Just as I feared … the decision on best post has been much more difficult than I had originally anticipated. You guys really have a lot of very valid perspectives, priorities and questions on your mind, when it comes to the future of our town !! Actually, this bodes very well for the city, because we do need more people who think seriously about where we can and should take this city, and who are not reticent about stepping up and making sure their voices are heard.
Anyhow, at the end of the day, I had to make a decision. So let me break it down this way. Three posts really stood out for me — one for the Heart, another for the Head and the final, for the Gut.
[The Weathermaking Challenge … I love the passion in your words, and the lyrics in your comment. Your “creed” is one which most politicians can only aspire to, but one which I genuinely believe Rocco lives on a daily basis.]
“The Weathermaking Challenge said … The next mayor of our great city must love her as much as I do, and be courageous in his love for her. No matter what forces internally or externally attempt to hurt her, defame her, or take advantage of her, our next mayor must never allow anything less than what she deserves. He must share the vision of those who live in this fair city to help her continue to grow into the world-class powerhouse of growth, prosperity, culture, and diversity. He must put this vision before himself, he must put this vision before his friends, and he must put this vision before the interests of anyone else. We need a mayor who will fearlessly and diligently work towards, and never compromise the integrity of this vision. That mayor is Rocco Rossi.”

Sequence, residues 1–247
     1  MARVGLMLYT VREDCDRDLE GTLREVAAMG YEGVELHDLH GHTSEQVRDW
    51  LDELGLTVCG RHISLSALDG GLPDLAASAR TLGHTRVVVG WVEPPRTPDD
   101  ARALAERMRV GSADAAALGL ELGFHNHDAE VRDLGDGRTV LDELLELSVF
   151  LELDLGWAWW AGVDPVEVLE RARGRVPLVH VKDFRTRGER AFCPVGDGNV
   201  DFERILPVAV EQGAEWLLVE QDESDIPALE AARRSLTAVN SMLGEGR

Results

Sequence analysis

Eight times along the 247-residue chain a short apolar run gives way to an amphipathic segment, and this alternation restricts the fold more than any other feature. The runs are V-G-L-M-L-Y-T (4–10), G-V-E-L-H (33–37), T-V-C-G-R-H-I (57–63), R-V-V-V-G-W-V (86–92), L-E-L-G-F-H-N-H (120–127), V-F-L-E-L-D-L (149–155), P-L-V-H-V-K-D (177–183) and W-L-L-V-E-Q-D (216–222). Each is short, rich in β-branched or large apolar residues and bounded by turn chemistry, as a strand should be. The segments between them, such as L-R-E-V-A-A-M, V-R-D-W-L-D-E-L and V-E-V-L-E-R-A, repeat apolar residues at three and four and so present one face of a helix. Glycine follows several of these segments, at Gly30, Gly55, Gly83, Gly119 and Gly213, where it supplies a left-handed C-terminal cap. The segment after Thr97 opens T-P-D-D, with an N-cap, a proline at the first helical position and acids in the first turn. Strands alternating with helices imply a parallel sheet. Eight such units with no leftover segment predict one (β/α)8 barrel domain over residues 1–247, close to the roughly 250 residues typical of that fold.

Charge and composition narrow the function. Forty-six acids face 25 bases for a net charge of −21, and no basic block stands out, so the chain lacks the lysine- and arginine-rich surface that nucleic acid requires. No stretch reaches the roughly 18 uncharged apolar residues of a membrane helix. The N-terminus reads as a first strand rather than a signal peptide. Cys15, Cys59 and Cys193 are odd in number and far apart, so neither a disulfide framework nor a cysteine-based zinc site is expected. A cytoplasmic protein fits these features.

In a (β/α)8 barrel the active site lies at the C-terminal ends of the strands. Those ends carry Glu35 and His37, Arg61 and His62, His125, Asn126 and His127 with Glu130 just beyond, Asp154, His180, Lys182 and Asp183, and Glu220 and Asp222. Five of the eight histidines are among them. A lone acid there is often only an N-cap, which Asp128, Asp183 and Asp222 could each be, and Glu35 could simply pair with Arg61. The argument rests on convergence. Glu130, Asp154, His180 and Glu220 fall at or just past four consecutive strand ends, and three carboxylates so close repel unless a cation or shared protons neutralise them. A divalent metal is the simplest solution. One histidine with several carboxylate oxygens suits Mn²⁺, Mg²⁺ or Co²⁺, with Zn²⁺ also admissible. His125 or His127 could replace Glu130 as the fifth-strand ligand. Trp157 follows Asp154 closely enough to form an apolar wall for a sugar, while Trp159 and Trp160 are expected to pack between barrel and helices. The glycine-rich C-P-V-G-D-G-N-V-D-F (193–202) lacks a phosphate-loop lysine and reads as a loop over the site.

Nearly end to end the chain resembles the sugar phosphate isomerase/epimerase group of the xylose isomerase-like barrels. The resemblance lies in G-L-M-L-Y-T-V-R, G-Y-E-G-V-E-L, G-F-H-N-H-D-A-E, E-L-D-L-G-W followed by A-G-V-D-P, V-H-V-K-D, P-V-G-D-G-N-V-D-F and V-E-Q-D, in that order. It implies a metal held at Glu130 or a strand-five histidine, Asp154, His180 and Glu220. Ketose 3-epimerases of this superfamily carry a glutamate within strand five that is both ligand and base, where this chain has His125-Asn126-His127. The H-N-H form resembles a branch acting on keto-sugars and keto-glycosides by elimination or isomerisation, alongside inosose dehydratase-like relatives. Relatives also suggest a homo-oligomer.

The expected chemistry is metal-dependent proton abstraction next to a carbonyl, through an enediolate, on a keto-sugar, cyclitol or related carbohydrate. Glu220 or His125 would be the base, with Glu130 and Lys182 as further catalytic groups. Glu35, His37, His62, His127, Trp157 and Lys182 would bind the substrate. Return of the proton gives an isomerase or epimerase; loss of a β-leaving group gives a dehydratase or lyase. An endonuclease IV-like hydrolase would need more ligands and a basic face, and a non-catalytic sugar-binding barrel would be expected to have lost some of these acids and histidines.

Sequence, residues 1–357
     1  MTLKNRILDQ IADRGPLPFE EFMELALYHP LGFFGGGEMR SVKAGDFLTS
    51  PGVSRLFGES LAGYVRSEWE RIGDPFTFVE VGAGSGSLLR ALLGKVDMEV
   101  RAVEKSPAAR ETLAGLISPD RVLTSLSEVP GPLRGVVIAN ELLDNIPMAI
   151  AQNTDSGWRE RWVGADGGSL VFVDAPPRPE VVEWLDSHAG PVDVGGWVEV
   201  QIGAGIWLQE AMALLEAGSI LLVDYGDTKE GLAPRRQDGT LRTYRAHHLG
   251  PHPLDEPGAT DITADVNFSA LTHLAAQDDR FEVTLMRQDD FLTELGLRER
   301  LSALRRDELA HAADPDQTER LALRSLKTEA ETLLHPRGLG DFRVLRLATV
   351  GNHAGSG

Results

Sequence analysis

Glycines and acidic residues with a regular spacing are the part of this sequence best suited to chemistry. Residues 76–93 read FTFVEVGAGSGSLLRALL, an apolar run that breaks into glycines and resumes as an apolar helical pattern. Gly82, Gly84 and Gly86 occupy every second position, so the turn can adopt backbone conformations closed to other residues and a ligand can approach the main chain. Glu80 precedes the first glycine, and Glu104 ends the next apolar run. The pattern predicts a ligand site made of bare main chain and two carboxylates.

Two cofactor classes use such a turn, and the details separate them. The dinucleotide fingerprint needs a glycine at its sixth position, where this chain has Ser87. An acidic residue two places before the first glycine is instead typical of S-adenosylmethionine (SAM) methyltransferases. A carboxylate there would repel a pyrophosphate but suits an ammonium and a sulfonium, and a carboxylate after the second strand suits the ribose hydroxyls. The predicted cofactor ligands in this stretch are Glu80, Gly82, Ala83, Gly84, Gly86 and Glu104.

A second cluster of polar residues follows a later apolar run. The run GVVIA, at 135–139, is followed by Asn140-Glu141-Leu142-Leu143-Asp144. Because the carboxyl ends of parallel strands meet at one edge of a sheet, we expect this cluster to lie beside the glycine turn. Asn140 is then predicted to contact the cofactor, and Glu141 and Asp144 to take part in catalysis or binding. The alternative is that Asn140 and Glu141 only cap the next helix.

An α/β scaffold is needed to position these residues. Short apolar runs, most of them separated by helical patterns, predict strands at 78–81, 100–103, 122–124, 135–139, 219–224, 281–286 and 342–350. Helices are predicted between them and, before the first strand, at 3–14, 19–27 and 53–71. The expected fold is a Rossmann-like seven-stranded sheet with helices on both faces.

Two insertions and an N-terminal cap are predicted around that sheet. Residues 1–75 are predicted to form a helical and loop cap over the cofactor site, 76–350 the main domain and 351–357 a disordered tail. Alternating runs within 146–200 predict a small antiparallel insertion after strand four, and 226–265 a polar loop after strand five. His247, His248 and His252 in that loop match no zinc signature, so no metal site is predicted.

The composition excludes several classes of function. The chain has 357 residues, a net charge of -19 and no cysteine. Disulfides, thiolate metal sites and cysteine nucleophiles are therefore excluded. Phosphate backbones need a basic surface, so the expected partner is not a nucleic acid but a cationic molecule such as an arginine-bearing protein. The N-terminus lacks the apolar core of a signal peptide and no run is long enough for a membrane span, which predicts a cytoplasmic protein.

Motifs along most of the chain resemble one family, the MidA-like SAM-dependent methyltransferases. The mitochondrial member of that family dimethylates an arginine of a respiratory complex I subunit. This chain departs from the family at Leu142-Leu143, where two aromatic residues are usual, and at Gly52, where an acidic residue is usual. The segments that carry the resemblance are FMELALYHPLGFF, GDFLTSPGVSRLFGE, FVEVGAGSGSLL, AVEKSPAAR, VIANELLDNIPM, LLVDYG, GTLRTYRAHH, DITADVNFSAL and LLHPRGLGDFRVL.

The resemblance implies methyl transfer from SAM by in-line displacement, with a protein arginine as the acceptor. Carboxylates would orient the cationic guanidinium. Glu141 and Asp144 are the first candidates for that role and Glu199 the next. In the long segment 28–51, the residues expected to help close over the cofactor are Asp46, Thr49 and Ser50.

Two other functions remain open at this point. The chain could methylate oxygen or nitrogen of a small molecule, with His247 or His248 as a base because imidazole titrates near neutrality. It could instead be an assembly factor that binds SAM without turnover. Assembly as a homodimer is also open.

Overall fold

[Louis, your post was the longest :-). However, it was also very well thought out, compelling, and well researched. I also liked that you outlined integrated solutions, as opposed to just focusing on the issues. Really well done, and a bit of a manifesto.]
“Louis said…Toronto has always billed itself as a world-class city but has never reached true world-class elite status. It is not spoken about in the same terms as London, Paris, New York and Shanghai. Over the next decade, there is a perfect opportunity for Toronto to elevate itself to that elite status and this responsibility will fall on the shoulders of the next mayor.